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  During last week's episode, you'll remember that my failed attempt down the Terrapin Branch led to much disappointment. This week I was detemined to go back and make sure this creek did not have something worth seeing. It was still raining and warm when I left Little Rock at 2:15 a.m., but radar and cloud cover maps indicated this would be absent soon going north. By the time the Ozarks were under me the temperature felt much cooler and the skies were clear with a bright half moon. The dirt road numbered 1462 on my Buffalo River map has no such number listed on any other maps at my disposal. It is the next road on the left just past Cassville Church off Hwy 21. There is a small loop parking area about 1/4 mile down this road on the right that I shined my flashlight on last week, but did not realize this was a parking area since it had no signs. There is room for 4-5 cars here. Woods entry made at 5:20 with headlamp blazing...the moon was not much help with the canopy above. The brush was quite thick for a while but a tributary was found and things opened up a bit with the dry creek bed as a trail. At one point I was surprised by a barking dog and realized this creek skirted close to a building with lights...I moved swiftly onward without incident. Finally the creek met with the upper reaches of Terrapin Branch and a westward track was begun. There was a trickle flow even though rain had just come through overnight. Only one small waterfall was passed but my light did find some bluffs along the way. Last week there was a little more water. I came upon the small waterfall that I was forced to go around last time by crawling under trees, over trees and numerous vines...this seemed the probable spot where my tripod was lost. Since the water was lower, a different route down the left side was used to get around this waterfall. To my amazement, when I looked up at the rock wall I had scrambled down before, there hanging from a heavy vine was my tripod. Now I had two with me since a replacement was already purchased.
  It was about 7:15 by the time I hit the point where I exited the creek and headed back last week. It was now light and the temp was a wonderful 60 degrees...the first feeling of fall was in the air. Continuing westward towards the Buffalo revealed nothing of interest. The most troublesome aspect of this hollow is the vast number of fallen trees and debris scattered everywhere. There was one impassible place where I was forced well around through a terrible mess of downed trees, branches and weeds. Crawling over a log a sting on my leg was felt, but it was no insect. Turns out both legs came in contact with something I had never experienced before...what was assumed to be stinging nettle. The immediate sensation of severe itching forced me to the creek where I washed my legs well with copious amounts of water. This seemed to help, but the relief was short-lived. Since this was new to me, a rash was expected but never did materialize. The itching eventually faded. My goal of the Upper Buffalo was achieved at 8:00. The confluence was not impressive...the river at this point was without character. I found a comfy seat among the rocks, ate a snack and pondered my options while studying my map. The Buffalo was pretty low but not as low as it surely was a couple of weeks ago. A good sized red-tailed hawk watched me from a tree across the river while crows occupied most of the soundscape.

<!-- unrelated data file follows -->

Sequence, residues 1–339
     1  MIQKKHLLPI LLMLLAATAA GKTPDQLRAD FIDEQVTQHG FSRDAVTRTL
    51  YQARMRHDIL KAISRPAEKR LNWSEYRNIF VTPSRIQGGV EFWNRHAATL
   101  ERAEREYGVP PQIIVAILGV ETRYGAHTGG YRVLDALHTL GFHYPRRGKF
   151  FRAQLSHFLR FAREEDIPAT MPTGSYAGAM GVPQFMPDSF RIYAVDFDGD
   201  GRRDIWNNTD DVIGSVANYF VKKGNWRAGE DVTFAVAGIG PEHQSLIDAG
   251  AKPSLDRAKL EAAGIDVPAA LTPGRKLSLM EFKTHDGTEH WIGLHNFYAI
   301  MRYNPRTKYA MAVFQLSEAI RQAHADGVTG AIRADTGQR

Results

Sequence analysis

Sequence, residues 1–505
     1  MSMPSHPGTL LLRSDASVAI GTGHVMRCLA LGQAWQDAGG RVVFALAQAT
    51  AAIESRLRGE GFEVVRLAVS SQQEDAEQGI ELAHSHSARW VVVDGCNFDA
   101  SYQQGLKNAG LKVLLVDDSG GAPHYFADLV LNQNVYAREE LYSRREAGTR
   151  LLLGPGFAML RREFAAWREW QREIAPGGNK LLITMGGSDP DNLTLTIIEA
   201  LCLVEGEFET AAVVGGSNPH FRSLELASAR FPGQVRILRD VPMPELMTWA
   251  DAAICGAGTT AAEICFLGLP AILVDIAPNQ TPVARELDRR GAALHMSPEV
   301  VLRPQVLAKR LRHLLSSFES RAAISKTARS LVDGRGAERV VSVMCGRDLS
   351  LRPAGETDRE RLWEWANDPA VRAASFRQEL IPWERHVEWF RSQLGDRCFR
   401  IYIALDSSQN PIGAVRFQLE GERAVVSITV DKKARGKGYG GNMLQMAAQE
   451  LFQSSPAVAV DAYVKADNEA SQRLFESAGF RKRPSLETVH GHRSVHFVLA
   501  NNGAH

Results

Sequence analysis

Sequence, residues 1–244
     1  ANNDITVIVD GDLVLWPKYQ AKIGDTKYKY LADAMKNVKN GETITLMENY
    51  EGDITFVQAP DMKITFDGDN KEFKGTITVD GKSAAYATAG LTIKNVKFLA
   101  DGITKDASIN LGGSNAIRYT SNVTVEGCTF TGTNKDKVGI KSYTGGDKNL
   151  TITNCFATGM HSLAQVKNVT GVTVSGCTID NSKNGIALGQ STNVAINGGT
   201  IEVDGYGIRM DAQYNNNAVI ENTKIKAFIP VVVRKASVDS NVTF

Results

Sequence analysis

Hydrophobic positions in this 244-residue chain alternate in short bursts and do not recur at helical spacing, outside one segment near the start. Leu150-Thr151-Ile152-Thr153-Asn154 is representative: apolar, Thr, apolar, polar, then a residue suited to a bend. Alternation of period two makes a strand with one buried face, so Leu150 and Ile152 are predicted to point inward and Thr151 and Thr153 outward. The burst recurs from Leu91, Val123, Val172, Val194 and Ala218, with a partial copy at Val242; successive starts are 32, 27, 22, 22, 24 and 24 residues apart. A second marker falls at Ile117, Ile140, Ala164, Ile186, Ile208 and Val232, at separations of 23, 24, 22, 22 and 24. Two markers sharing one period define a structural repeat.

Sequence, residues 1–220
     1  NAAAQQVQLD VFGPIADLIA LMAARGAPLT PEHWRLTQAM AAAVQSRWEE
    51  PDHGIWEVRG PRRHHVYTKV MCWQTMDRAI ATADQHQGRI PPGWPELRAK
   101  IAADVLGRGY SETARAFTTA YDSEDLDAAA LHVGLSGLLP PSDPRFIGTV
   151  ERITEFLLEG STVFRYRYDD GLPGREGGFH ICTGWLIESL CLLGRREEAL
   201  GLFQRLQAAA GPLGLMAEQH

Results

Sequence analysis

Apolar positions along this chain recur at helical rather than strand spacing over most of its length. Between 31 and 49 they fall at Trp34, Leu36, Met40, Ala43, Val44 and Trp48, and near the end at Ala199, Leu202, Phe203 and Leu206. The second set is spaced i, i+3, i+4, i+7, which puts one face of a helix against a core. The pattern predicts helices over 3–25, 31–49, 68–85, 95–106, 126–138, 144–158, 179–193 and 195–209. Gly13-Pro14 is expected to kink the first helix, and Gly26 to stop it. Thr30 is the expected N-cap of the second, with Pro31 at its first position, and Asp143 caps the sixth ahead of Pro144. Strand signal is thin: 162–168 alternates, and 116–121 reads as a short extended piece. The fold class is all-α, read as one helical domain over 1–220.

The decision was made to climb to the top of the mountain to the south of Terrapin and work my way along the edge of private property and back to the highway. No bluff line was encountered along the ascent. There is a huge pasture on top that is visible from across the river from Hawk Hollow near Smith Falls and McClure Falls. There was found a barn full of hay and Curtis Cemetery. Working cautiously east I tried to avoid any signs of human habitation...the downside of hiking private property. A herd of turkeys was happened upon and they ran from me like little girls...eventually taking flight and fleeing into the shrubbery. After zig-zagging for a good while I was within a half mile of the highway and had encountered no humanoids...just cows, turkeys and the occasional white-tailed deer. There was one gait to go, and just as I was about to climb over it a truck and a mule pulled up. A large man stepped forward. I stated in a firm voice "Step aside!", he replied "None shall pass!". Actually, the guy was very friendly and never implied trespass...just opened the gait and I was on my way. There was 3/4 mile to walk down the highway to get back to my dirt road. With this road in view...a pack of dogs from a house started barking and sprinted in my direction. I remained calm...for most of these eight dogs were weenie dogs or some other small breeds. One, however, was of moderate size and was very aggressive. My inclination was to growl back and go after the dog but I thought the owner might come out so I remained passive and soft spoken. Soon a wore-out looking woman came out and began to scream at the dogs, and they soon retreated. I waved in thanks but she never apologized for her killer dogs. I made it back to my origin at 10:40 and started for home. In conclusion...this hollow was probably the least interesting of all I've explored within the Upper Buffalo Wilderness...therefore there are no photos. Distance about 7 miles.

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